Inflation through the roof, bridge packs to shore volume growth
Net material inflation increased 4.5x YoY for HUL. Crude, plastics, soda ash, and palm oil have spiraled up in the past year. The palm oil export ban by Indonesia in April created a furore globally. Indonesia accounts for about 60% of total palm oil output globally. Palm oil is used in processed foods like chocolates, jams, ketchups, noodles, and home care products like detergents, shampoos, soaps, and cosmetics.
According to Sanjiv Mehta, Chairman and Managing Director at HUL, the palm oil issue is not long-term and he expects Indonesia to start exporting supplies after its domestic prices come under control. Mehta said that HUL uses palm fatty acid distillate (PFAD) which is not under the export ban and is obtained after refining crude palm oil. And he does not expect the company to face challenges in PFAD availability in the near term.
As a high inflation scenario is expected to continue in the near term and the leverage of grammage reduction gradually wears off, the company is planning to improve its volumes. HUL is developing bridge packs, a middle price pack between a low unit price pack (LUP) and a large pack in terms of volume and price. For instance, introducing a Lifebuoy soap bar of Rs 20 between LUP of Rs 10 and Rs 35 large packs. The company might vacate certain LUPs and incentivize consumers for higher volume consumption. HUL is implementing a bridge pack strategy across all the impacted low volume growth product categories.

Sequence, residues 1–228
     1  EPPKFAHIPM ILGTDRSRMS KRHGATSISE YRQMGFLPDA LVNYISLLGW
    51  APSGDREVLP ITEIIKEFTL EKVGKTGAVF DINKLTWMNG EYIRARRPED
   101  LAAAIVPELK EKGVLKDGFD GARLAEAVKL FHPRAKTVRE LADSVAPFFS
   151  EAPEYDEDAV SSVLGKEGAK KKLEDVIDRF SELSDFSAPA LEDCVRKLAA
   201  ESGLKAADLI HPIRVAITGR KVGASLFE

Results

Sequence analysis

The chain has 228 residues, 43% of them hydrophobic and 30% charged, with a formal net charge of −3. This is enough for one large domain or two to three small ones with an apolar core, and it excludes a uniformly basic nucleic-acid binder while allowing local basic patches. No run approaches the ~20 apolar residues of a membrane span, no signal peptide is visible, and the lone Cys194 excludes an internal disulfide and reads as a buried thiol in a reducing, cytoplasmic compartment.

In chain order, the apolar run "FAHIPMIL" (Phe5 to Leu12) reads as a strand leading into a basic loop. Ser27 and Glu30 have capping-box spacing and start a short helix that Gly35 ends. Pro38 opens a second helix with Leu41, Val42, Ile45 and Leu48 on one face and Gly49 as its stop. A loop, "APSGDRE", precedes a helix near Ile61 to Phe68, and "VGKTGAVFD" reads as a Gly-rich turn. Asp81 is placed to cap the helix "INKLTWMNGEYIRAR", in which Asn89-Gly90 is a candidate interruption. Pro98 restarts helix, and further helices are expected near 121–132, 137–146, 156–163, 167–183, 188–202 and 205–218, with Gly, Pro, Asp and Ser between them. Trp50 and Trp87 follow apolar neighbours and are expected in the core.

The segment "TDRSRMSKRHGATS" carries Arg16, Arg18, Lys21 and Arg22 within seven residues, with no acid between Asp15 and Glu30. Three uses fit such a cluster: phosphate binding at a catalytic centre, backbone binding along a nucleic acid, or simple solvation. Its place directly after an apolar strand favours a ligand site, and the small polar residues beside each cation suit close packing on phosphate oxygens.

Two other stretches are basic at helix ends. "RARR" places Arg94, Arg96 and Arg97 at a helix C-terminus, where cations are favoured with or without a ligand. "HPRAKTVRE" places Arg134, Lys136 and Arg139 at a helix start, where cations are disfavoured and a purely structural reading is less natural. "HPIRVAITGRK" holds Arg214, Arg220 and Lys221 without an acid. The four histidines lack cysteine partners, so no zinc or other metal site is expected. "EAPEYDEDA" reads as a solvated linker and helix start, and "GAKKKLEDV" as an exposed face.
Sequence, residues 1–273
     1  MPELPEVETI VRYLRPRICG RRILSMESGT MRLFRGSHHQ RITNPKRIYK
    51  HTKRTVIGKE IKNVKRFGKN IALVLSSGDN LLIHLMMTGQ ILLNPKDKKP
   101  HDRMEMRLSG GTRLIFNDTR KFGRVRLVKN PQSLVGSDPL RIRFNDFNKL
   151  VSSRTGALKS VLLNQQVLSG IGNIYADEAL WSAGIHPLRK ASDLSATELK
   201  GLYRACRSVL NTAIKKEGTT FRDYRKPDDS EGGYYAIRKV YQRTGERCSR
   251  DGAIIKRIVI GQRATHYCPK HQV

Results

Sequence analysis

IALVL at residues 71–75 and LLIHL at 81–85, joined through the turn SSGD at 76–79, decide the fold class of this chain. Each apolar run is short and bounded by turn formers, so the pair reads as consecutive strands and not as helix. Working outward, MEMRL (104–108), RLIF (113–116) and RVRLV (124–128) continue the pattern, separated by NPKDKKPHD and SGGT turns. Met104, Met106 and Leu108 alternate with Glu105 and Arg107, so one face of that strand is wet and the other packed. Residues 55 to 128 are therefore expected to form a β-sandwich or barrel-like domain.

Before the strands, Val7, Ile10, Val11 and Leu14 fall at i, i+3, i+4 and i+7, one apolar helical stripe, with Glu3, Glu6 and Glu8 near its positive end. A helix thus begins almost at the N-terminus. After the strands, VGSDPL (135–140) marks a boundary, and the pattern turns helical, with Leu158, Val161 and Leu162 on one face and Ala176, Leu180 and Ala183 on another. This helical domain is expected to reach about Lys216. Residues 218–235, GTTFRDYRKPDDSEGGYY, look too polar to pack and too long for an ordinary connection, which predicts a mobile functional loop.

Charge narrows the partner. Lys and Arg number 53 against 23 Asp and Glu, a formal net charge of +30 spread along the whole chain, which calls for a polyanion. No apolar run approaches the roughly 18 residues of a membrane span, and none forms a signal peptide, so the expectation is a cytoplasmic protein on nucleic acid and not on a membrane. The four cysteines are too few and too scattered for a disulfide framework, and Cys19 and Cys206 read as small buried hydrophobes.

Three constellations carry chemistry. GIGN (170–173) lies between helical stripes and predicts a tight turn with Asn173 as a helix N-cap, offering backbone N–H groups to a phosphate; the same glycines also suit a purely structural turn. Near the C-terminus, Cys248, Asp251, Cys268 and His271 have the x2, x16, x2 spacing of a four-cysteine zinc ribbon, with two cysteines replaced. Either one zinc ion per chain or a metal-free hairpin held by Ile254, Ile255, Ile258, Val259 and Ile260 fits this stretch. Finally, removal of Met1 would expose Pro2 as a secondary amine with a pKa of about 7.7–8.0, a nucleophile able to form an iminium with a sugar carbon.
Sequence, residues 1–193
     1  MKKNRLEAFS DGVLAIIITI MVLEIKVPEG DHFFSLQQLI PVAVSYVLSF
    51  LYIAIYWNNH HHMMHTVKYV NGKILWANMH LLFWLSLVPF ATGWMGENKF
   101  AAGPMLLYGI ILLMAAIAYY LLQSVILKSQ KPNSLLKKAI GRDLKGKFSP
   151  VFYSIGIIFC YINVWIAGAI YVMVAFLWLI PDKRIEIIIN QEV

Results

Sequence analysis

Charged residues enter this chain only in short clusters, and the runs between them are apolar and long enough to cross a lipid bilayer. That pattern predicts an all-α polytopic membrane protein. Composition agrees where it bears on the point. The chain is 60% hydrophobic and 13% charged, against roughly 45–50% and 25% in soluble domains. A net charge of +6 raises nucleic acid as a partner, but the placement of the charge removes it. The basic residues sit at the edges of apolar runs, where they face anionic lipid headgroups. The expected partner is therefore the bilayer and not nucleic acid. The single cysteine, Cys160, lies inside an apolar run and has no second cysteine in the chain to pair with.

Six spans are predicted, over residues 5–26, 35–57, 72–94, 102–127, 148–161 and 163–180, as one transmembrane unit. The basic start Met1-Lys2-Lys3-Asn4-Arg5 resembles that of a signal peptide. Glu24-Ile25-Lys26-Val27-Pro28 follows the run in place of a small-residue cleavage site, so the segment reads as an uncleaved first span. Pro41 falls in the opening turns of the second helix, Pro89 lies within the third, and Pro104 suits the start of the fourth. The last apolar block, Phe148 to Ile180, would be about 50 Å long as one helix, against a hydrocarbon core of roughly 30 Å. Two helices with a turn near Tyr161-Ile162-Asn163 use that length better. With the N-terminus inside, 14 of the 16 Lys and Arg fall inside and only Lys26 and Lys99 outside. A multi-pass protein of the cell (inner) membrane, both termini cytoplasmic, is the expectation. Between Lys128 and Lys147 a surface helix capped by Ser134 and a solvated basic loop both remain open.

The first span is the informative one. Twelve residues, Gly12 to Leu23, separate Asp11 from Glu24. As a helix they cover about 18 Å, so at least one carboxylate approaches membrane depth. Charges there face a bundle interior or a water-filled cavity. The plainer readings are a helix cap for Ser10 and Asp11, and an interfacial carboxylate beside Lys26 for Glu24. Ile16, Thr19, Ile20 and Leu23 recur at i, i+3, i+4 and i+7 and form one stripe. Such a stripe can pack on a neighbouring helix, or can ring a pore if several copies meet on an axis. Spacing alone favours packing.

Waiting for rural recovery, HUL might be on an acquisition prowl
Rural India, which accounts for about 40% of total FMCG sales and two-thirds of retail stores reported a 10% fall in volume growth over the past three months (as per Nielsen). The FMCG sector is betting on rural recovery by H2FY23. Strong monsoons, a good rabi harvest, government capex spend of Rs 7.5 lakh crore and high agriculture prices are improving farmer incomes. If geopolitical crises settle down and commodity prices taper off, demand revival may be in the offing.
While inflationary winds blow hard, it may be essential to hold on to a deep-rooted FMCG tree trunk like HUL ( currently in Trendlyne’s potential Buy zone). It is a must-have stock during uncertain times, mainly due to its unrivaled robust product portfolio. Surf Excel and Brooke Bond individually contribute more than Rs 5,000 crore annually and Vim, Rin and Dove are in the Rs 2,000 crore revenue club. Kwality Wall’s crossed Rs. 1,000 crore turnover mark in FY22. 16 brands with more than Rs 1,000 crore turnover comprise 75% of HUL’s top line.
The annual brand turnover of any of HUL’s top three brands--Surf Excel, Brooke Bond, and Vim would surpass the annual turnover of Dabur or Marico. For a behemoth like HUL, as high commodity inflation and low volume growth wreak havoc on smaller peers and regional players, the time might be ripe for an acquisition prowl. With JioMart expected to disrupt FMCG turf in the near future, this seems to be a necessity for HUL.